So close: Tolman falls to MSC in D-II semis

So close: Tolman falls to MSC in D-II semis

Tolman runner Bellamy Gutierrez, left, keeps his right hand on second base under a cloud of dust as he steals the base by sliding around the tag of Mount Saint Charles shortstop Isaiah Lee during the first inning of last Wednesday’s playoff game at Pierce Field. The Mounties advanced to this week’s finals at McCoy Stadium by posting a 2-1 victory. (Breeze photo by Kayla Panu)
Tigers suffer 2-1 loss in deciding game of best-of-three series

EAST PROVIDENCE – A close best-of-three semifinal-round series between Tolman High and Mount Saint Charles Academy for a spot in this week’s Division II championship series went down to the wire in their third and deciding game last Wednesday night at Pierce Field.

Unfortunately for the Tigers, Mount came out with the decisive 2-1 victory by erasing a 1-0 deficit with runs in the top of the fifth and sixth innings.

“That was exciting high school baseball,” Tolman head coach Theo Murray said.

The Mounties had taken the series opener, 6-5, but the Tigers came back the next day to post a 4-0 win. With all three games being played in as many days, there was no time for resting pitchers. Andrew Roy and Izaiah Rivera-Lopez had worked the first two games, so senior Steven Kent was called upon to make his most important start of the season.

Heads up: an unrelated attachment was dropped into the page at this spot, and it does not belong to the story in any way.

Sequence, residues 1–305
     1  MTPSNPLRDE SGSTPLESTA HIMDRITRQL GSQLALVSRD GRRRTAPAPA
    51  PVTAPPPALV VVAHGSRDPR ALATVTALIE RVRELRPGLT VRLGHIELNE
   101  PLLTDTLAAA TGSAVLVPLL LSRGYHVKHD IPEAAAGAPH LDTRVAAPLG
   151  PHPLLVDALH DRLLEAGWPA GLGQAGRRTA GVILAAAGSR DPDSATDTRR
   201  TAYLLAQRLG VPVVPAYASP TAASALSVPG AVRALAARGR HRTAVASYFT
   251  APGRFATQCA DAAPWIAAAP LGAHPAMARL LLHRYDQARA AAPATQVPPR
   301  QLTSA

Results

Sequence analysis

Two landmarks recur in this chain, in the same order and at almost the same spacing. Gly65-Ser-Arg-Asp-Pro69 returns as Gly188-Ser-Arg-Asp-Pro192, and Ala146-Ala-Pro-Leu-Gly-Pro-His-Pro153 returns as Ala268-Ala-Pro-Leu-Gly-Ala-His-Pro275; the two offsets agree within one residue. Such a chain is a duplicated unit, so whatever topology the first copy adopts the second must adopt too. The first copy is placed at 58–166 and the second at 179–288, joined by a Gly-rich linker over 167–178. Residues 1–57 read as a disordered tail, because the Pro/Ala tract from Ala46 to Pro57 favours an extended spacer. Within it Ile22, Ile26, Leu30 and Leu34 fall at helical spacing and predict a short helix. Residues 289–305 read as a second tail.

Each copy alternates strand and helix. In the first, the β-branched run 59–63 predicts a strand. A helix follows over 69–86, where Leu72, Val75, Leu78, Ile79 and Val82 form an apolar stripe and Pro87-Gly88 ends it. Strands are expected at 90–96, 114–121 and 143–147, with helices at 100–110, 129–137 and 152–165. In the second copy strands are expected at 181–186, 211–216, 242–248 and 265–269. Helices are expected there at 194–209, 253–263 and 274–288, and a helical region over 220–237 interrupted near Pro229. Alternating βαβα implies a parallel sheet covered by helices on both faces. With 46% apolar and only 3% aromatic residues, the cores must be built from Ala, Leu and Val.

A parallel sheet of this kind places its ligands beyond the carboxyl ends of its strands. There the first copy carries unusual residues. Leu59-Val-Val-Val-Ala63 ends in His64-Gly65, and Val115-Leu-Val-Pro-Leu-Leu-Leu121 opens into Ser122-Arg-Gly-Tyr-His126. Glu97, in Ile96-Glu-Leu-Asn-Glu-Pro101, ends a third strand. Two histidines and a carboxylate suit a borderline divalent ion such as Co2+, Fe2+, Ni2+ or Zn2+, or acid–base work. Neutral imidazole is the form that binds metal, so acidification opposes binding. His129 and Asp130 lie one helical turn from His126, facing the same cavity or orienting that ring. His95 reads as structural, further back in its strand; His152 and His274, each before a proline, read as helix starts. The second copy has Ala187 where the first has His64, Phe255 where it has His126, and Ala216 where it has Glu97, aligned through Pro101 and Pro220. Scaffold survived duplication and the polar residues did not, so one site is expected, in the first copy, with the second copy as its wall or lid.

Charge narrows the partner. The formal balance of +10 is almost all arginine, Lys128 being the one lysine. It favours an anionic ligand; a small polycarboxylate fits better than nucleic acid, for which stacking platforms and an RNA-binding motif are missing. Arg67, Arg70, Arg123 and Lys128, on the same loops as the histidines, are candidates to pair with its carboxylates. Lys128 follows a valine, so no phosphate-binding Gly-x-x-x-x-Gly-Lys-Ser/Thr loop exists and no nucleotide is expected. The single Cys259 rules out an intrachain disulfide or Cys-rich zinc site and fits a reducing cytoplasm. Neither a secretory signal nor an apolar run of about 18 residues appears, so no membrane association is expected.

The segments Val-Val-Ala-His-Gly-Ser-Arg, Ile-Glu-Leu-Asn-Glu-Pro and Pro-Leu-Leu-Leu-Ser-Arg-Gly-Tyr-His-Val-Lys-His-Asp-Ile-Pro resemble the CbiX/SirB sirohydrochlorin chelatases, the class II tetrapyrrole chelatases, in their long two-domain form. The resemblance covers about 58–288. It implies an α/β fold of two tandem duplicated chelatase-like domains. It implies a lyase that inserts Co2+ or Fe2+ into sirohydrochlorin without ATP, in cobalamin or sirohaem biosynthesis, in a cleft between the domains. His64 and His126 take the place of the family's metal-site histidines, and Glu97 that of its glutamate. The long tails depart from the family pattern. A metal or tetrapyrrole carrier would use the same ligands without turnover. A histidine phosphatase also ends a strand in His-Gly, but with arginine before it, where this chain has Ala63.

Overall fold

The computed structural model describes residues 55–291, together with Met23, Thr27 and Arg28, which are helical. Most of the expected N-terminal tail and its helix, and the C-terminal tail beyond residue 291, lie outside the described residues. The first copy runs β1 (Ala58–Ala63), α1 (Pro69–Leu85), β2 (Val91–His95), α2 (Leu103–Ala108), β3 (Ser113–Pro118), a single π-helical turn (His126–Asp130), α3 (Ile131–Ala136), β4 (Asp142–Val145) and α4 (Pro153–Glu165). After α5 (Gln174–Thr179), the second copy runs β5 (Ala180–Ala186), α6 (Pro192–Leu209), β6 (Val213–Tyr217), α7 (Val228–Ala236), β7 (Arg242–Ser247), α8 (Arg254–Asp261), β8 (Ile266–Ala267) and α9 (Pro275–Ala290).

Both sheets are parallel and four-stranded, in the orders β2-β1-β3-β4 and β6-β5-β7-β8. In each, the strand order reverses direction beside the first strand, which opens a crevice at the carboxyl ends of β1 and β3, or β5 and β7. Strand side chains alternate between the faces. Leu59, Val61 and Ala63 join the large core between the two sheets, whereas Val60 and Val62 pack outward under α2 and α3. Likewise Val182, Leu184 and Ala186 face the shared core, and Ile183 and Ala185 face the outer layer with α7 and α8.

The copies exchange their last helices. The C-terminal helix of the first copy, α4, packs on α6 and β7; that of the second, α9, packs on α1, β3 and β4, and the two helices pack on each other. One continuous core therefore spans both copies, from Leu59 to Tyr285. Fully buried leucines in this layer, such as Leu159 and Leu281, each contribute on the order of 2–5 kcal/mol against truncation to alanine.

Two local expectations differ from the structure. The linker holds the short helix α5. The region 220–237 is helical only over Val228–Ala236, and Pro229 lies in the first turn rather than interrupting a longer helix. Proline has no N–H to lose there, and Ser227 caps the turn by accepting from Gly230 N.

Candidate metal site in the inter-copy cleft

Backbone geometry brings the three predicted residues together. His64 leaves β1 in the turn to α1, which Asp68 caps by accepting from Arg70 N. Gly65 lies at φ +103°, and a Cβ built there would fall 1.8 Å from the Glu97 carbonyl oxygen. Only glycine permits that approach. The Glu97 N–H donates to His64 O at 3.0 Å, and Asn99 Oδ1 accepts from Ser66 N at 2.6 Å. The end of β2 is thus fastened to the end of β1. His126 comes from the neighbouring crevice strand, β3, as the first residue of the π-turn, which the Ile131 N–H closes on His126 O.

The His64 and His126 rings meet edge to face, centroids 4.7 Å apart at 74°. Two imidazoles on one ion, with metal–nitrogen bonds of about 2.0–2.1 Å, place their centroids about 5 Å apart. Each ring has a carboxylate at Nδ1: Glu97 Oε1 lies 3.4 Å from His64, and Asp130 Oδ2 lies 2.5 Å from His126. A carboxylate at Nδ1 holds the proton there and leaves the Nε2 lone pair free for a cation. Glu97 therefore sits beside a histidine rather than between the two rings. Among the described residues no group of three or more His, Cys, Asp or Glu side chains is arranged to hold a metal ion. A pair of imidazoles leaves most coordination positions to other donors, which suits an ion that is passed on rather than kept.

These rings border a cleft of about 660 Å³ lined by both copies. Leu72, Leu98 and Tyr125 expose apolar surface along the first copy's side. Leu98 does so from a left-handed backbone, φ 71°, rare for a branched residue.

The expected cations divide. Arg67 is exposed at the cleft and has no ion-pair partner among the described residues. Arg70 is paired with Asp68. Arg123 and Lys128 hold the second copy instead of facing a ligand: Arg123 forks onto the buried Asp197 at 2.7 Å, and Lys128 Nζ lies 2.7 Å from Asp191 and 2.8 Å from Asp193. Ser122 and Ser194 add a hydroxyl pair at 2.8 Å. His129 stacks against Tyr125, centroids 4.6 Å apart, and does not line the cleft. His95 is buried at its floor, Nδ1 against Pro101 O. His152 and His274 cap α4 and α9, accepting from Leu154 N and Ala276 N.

Thomas Burke got the start for the Mounties, and this game ended up as a pitcher’s duel and defensive affair. Both teams each had one error, but also made excellent great plays, and Roy and Burke went the distance.

While Burke ended up with a five-hitter, Kent scattered eight hits and walked just one batter. As for the defense behind him, Murray decided to put sophomore Lonnie Santiago in left field. Santiago had been playing second base, but showed his pension for great plays by making a full-out, diving grab on a long foul ball in the fourth inning.

“(Kent) can peck, he can peck, and he’d get behind, but battle back and throw a lot of pitches,” Murray said. “Today, he was great. We had our chances with him throwing and Lonnie (Santiago) making plays out there.”

Both pitchers were on point to start the game, but the Tigers struck for their run in the bottom of the third inning. Kent led off with a base hit into center field, and after he took second on a wild pitch and tagged up and went to third on a flyout to right, he scored on a two-out infield throwing error.

Kent had pitched two-hit ball through the first four innings, but in the fifth, Mount tied the score when Dan Johnson scored on a two-out single up the middle by Anthony Cook.

Johnson led off with a line single to left and went to second on a passed ball, but Kent retired the next two batters on a popout to first and a flyout to right that allowed Johnson to tag up and head to third. Cook then hit the first pitch he saw to center to drive in Johnson.

Things got dicey in the sixth for the Tigers, as Trey Bourque and Everett Misto both led off with singles. Kent got the next batter to fly out, but he walked Burke to load the bases. Johnson then hit a line drive to Santiago that was deep enough to allow Bourque to tag up and score the go-ahead run.